Salt Spring Island Radio Corp. owner Gary Brooks, left, with new owner Dave Dhillon of Satnam Media Group, who takes control of the business on March 1. Elizabeth Nolan | Driftwood Gulf Islands Media
By Elizabeth Nolan on February 12, 2013
CFSI’s community-based radio programming won’t change under new ownership, according to station founder Gary Brooks and Suhkev “Dave” S. Dhillon, who takes possession of the business March 1.
Rumours of the radio station’s sale were in full force Friday morning, surprising community members, station personnel and the volunteer hosts responsible for most of the shows. But Brooks said the purchase hadn’t been finalized, which is why he hadn’t shared it with staff and volunteers.
“It’s unfortunate these rumours started,” Brooks said.
“I didn’t announce the station was for sale because for any business it’s not prudent to announce [you want to sell it]. I went through an official broker.”
“I think whoever found this information should have gone to Gary and said ‘Gary, what is this?’” said Dhillon, referring to a CRTC letter of approval that sparked a fury of speculation.
The letter from the Canadian Radio-television and Telecommunications division dated Jan. 21 grants approval for the transfer of shares and effective control of the company from Brooks to Satnam Media Group, with Dhillon listed as single shareholder. The letter notes that a Sept. 27, 2012 share purchase agreement between the parties sets out a purchase price of $205,000, with an additional assumed lease value of $130,200.
As a commercial station run largely according to a community radio model, CFSI has offered a variety of programs through volunteer DJs and talk show hosts since its inception three years ago. Positioned at “the cultural crossroads of Salt Spring Island: the meeting place of both old and new broadcasters from every walk of island life,” the station offered a variety of music, talk and spiritual shows put together by interested members of the community.
Station manager Dave Gordon was just one of the people who was surprised by news of the sale. As of Monday morning he had yet to speak to either Brooks or Dhillon about their plans.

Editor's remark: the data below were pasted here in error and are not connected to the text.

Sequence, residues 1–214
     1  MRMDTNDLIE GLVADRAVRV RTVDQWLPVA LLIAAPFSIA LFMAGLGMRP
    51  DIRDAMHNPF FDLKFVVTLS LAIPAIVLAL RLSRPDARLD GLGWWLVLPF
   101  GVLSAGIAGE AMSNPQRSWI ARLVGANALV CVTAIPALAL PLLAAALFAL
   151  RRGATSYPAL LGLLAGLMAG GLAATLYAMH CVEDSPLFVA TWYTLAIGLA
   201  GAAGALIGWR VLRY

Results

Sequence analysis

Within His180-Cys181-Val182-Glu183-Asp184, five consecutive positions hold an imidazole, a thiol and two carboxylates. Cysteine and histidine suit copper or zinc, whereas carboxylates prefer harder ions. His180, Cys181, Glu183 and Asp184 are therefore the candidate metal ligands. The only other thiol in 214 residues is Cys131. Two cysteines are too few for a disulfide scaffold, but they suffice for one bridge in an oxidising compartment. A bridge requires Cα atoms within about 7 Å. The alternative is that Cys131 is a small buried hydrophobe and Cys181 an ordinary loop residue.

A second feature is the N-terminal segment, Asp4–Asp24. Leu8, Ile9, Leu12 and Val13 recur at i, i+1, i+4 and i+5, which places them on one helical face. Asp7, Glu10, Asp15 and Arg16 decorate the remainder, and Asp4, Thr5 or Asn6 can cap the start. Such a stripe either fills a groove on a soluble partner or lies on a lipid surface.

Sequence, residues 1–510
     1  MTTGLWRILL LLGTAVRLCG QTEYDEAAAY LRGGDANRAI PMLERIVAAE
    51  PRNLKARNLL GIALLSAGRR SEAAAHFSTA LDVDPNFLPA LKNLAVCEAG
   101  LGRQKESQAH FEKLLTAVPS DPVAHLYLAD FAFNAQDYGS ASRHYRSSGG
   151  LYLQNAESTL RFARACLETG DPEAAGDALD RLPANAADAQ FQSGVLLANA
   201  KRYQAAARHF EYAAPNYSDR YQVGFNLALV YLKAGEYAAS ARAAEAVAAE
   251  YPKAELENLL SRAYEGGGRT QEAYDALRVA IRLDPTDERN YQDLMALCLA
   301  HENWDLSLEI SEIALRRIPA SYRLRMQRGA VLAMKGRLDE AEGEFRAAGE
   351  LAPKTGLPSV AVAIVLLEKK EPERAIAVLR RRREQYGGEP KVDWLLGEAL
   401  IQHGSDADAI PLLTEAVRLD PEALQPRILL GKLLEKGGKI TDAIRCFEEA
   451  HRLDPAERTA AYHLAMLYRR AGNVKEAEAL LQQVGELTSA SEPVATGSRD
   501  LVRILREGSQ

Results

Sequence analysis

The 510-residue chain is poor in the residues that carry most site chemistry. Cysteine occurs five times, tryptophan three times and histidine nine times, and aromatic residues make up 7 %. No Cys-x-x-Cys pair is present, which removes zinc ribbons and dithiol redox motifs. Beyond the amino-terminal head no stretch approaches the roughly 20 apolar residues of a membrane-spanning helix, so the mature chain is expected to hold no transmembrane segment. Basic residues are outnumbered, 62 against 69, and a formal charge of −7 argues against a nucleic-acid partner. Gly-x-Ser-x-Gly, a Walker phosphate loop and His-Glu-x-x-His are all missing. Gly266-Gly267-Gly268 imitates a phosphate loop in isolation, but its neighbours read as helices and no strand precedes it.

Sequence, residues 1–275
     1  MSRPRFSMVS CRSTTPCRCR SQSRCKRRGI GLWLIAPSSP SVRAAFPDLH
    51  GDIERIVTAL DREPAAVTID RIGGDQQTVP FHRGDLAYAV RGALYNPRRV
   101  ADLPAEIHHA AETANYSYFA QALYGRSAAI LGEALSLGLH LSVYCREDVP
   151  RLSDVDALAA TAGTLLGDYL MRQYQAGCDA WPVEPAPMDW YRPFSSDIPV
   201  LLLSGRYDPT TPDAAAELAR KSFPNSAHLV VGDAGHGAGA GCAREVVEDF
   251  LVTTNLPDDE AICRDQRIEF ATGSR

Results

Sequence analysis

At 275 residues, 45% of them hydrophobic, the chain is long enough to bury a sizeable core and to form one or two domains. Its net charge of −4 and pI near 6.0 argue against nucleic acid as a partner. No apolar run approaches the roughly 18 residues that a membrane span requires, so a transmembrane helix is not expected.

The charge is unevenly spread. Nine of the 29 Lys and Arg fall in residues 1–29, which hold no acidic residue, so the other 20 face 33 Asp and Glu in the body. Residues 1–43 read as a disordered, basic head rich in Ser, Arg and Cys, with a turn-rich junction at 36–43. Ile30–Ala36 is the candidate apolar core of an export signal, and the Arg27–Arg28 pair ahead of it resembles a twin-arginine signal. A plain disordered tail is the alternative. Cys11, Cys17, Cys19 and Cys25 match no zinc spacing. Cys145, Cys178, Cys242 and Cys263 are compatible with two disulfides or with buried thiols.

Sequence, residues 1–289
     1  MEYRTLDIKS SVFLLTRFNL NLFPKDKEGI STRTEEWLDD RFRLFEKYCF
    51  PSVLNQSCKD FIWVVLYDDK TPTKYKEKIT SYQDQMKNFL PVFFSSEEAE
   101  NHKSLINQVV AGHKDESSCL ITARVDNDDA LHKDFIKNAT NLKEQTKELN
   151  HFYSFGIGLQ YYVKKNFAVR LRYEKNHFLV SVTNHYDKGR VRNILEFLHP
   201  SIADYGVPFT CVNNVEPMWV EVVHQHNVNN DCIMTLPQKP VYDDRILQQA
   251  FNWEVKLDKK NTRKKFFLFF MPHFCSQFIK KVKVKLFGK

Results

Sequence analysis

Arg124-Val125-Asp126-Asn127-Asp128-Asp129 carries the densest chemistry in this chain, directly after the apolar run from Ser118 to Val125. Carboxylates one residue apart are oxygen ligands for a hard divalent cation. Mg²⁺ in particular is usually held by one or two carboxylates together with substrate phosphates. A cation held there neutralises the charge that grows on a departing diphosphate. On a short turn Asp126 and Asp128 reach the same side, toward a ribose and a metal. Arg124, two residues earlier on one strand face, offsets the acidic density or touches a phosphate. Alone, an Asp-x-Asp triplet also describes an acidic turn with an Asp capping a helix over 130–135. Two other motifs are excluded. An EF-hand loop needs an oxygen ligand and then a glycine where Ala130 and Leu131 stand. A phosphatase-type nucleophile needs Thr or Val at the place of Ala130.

“I’m just as anxious to hear as everyone else,” Gordon said.
“I’m here manning the fort and I don’t even know if I’m still on the payroll.”
Although rumour had it Brooks had only started the business to fulfill an immigration requirement, he said that isn’t true. His main reason for selling was a feeling it was time for a change, especially since his youngest daughter will be graduating from high school this year.
“I busted my ass for six years and I think it’s time to move on,” he said.
As to why he didn’t offer the station to the local market before seeking outside offers, Brooks said that didn’t appear to be an option.
“This community tried for 10 years to a get a community radio station . . . they didn’t do it,” he said.
Brooks said despite his passion for radio, the community will be better off with Dhillon.
“He’s a professional broadcaster that has a love of community itself. I’m a radio wannabe — he’s a radio professional.”
Dhillon, who is president of Radio Punjab, confirmed he will keep CFSI’s format as-is after he takes ownership on March 1.
“I’m going to be keeping it the same. We have no plans to change anything,” he said.
More information on the exact programming is expected to be known after a meeting with Brooks and the volunteers scheduled for Tuesday night.
Volunteer involvement has been important at Dhillon’s other media outlets. He said many people working in Vancouver’s South Asian media community got a start at his station.
“We’re proud that these volunteers have learned their trade with us and now have successful careers,” he said.